Save yellow-breasted buntings


This is a yellow-breasted bunting video.

From BirdLife:

17 Oct 2017

Is the Yellow-breasted Bunting the next Passenger Pigeon?

Wide-scale, unchecked hunting has, in the space of just three decades, driven frightening declines in two widespread bunting species, on both sides of the Eurasian landmass. Armed with our scientific findings, the BirdLife Partnership is now working to help buntings recover.

By Simba Chan

We are all familiar with the cautionary tale of the Passenger Pigeon Ectopistes migratorius — once the most abundant species in North America, and possibly the entire world. Numbering well into the billions at the peak of its existence, flocks of Passenger Pigeons flying overhead were likened to deafening hurricanes. It seemed unthinkable that this superabundant bird could go extinct.

Yet, it did. Unchecked hunting and the widespread clearance of hardwood trees, which provided the bulk of its diet, drove a steep decline in numbers in the late 19th century. By the time we realised what was happening, it was too late to reverse the decline, and Martha, the last known Passenger Pigeon, died in captivity in 1914. This sorry tale serves to remind us that although many birds are classified as Least Concern by BirdLife on behalf of the IUCN Red List, if we ignore the warning signs, no species is immune from the threat of extinction.

In the mid-1990s, the observed decline of the Yellow-breasted Bunting Emberiza aureola in Hokkaido, Japan alerted conservationists that another super-abundant species might be in trouble. Now we know it has suffered a huge decline, possibly as much as 95 percent of its population, in the span of just two to three decades. Prior to 2004 the Yellow-breasted Bunting was not regarded as of conservation concern, but since 2013 it has been listed as Endangered, and this year the discussion on BirdLife’s Globally Threatened Birds Forum concerned a potential further uplisting to Critically Endangered.

The main reason for its decline is also comparable to that of the Passenger Pigeon: the species migrates in huge flocks, which are hunted in massive numbers. Again paralleling the Passenger Pigeon, the Yellow-breasted Bunting’s plight has been worsened by improvements in communication and transportation. The species gathers in large numbers at night to roost, making the birds easy to trap in high numbers.

The species is known as the “rice bird” in China, where it is hunted for food — a practice that has been illegal since 1997, but continues on the black market to this day. Such unsustainable and mostly illegal hunting on migratory passerines in Asia has pushed not only the Yellow-breasted Bunting to the edge of extinction; according to preliminary monitoring projects performed in Amur Region (Russia) and Hong Kong SAR (China), all migratory bunting species in eastern Asia are declining.

In order to address and confront this little-known crisis, BirdLife International co-organised an international workshop on conservation of the Yellow-breasted Bunting with the Hong Kong Bird Watching Society (BirdLife in China (Hong Kong)) and the Sun Yat-sen University in Guangzhou, China in November 2016. The purpose of the workshop was to collect information and opinion for drafting an International Conservation Action Plan on the Yellow-breasted Bunting, and to form an international conservation network on this and other migratory passerines.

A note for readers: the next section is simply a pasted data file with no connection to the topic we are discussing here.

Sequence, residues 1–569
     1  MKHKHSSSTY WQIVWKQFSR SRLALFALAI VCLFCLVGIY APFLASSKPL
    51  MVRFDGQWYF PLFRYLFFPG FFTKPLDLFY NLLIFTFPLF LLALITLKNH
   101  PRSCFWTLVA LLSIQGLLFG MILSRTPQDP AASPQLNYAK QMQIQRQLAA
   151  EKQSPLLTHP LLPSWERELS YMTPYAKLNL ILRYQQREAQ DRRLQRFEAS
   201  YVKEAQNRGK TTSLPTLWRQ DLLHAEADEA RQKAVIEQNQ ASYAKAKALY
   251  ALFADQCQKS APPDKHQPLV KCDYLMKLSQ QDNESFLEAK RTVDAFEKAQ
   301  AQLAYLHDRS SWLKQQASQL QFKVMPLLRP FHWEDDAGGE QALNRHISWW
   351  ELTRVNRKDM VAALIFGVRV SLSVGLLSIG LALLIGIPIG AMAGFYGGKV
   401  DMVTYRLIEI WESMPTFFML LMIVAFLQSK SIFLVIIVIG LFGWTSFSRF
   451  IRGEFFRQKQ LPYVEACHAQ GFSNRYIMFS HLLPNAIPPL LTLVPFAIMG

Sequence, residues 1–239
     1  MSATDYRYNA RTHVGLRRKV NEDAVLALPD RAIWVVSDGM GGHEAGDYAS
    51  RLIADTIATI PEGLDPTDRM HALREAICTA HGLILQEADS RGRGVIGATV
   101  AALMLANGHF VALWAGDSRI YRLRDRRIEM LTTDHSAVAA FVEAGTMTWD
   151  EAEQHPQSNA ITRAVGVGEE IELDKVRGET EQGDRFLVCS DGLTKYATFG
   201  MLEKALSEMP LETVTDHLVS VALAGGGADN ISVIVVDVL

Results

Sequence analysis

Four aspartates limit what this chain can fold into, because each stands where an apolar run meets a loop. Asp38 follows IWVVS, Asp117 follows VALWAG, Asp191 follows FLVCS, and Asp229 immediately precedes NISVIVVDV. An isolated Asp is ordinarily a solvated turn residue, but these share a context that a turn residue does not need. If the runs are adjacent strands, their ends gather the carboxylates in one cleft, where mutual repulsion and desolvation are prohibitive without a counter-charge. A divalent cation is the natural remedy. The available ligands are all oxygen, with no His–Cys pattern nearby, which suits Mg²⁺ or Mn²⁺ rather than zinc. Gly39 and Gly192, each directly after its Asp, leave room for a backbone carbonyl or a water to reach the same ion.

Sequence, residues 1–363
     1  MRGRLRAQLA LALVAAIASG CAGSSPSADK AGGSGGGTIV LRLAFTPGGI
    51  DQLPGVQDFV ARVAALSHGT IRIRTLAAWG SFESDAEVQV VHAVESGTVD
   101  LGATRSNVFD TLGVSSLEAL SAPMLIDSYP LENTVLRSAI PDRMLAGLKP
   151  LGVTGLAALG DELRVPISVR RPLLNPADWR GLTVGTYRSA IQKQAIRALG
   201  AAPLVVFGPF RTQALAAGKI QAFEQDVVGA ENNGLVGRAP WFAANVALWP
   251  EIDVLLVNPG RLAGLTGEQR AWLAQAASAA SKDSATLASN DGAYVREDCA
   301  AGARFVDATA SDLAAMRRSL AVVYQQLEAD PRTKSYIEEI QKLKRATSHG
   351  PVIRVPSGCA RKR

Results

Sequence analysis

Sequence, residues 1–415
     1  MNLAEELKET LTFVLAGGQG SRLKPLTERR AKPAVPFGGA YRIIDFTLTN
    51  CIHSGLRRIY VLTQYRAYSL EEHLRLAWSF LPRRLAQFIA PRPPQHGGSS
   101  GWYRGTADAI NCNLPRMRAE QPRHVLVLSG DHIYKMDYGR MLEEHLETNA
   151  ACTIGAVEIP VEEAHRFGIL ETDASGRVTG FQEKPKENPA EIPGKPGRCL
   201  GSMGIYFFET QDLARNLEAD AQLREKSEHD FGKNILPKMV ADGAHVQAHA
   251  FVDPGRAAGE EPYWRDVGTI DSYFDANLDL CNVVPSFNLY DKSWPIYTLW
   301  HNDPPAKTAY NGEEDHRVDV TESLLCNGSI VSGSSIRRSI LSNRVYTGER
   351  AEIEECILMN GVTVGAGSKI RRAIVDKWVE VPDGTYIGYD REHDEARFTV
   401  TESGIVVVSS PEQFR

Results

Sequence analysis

More than 50 experts from almost all major range countries attended the workshop. The main recommendations from the workshop were that the Yellow-breasted Bunting should be officially protected in all range countries, that its migration patterns should be managed using colour banding and geolocators, and that its breeding, migration and wintering sites need to be identified, surveyed, protected, and managed. It is also imperative to study the effect of agrochemicals on migratory passerines that use farmlands, and promote wildlife-friendly farming practices. International cooperation on the research and conservation of this species and other migratory passerines is necessary if we are to stabilise the numbers of Asia’s vanishing migrants.

The International Conservation Action Plan of the Yellow-breasted Bunting is expected to be published by 2019, as good consultation with different countries and stakeholders, including some regional and national workshops, are needed. However, important actions are already underway. In the breeding season of 2016, BirdLife International and Birds Russia conducted a preliminary study on the Yellow-breasted Bunting in Sakhalin, Russia. The result was alarming: it has seemingly disappeared completely from southern Sakhalin, and could only be found at a few localities in northern and central parts of the island.

The next year, a joint team from BirdLife International, Wild Bird Society of Japan (BirdLife Partner) and Birds Russia visited northern Sakhalin and colour-banded eighteen Yellow-breasted Buntings so we could study its migration. Geolocators will be used in the breeding season of 2018 if the banded birds have proven they are returning to the same breeding sites.

This year, China has made a very positive move in saving the Yellow-breasted Bunting and other migratory passerine by enforcing a revised Wildlife Conservation Law. It outlaws the eating of protected species, which includes the Yellow-breasted Bunting. The key to success is higher awareness among the general public so they will refuse to buy the birds and report any illegal activities seen.

BirdLife International and the Hong Kong Bird Watching Society have produced a poster to support implementation of the new conservation law. BirdLife Partners will also support an education programme on prevention of hunting and wildlife consumption in all other range countries as the fight continues to ensure that the Yellow-breasted Bunting doesn’t become another cautionary tale for future generations.

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No fruit bats, no durian fruit


This video says about itself:

14 May 2015

A Cave Nectar Bat is pollinating durian flowers in Thailand. The durian is the king of South East Asian fruits, selling for billions of dollars annually. However, every flower must be pollinated by a bat in order to set fruit, even when grown in orchards.

From the University of Nottingham in England:

Durian industry could suffer without the endangered fruit bat

October 3, 2017

Scientists have discovered that Southeast Asia’s endangered fruit bats — commonly known as flying foxes — play an important part in the pollination of the iconic and economically important durian tree.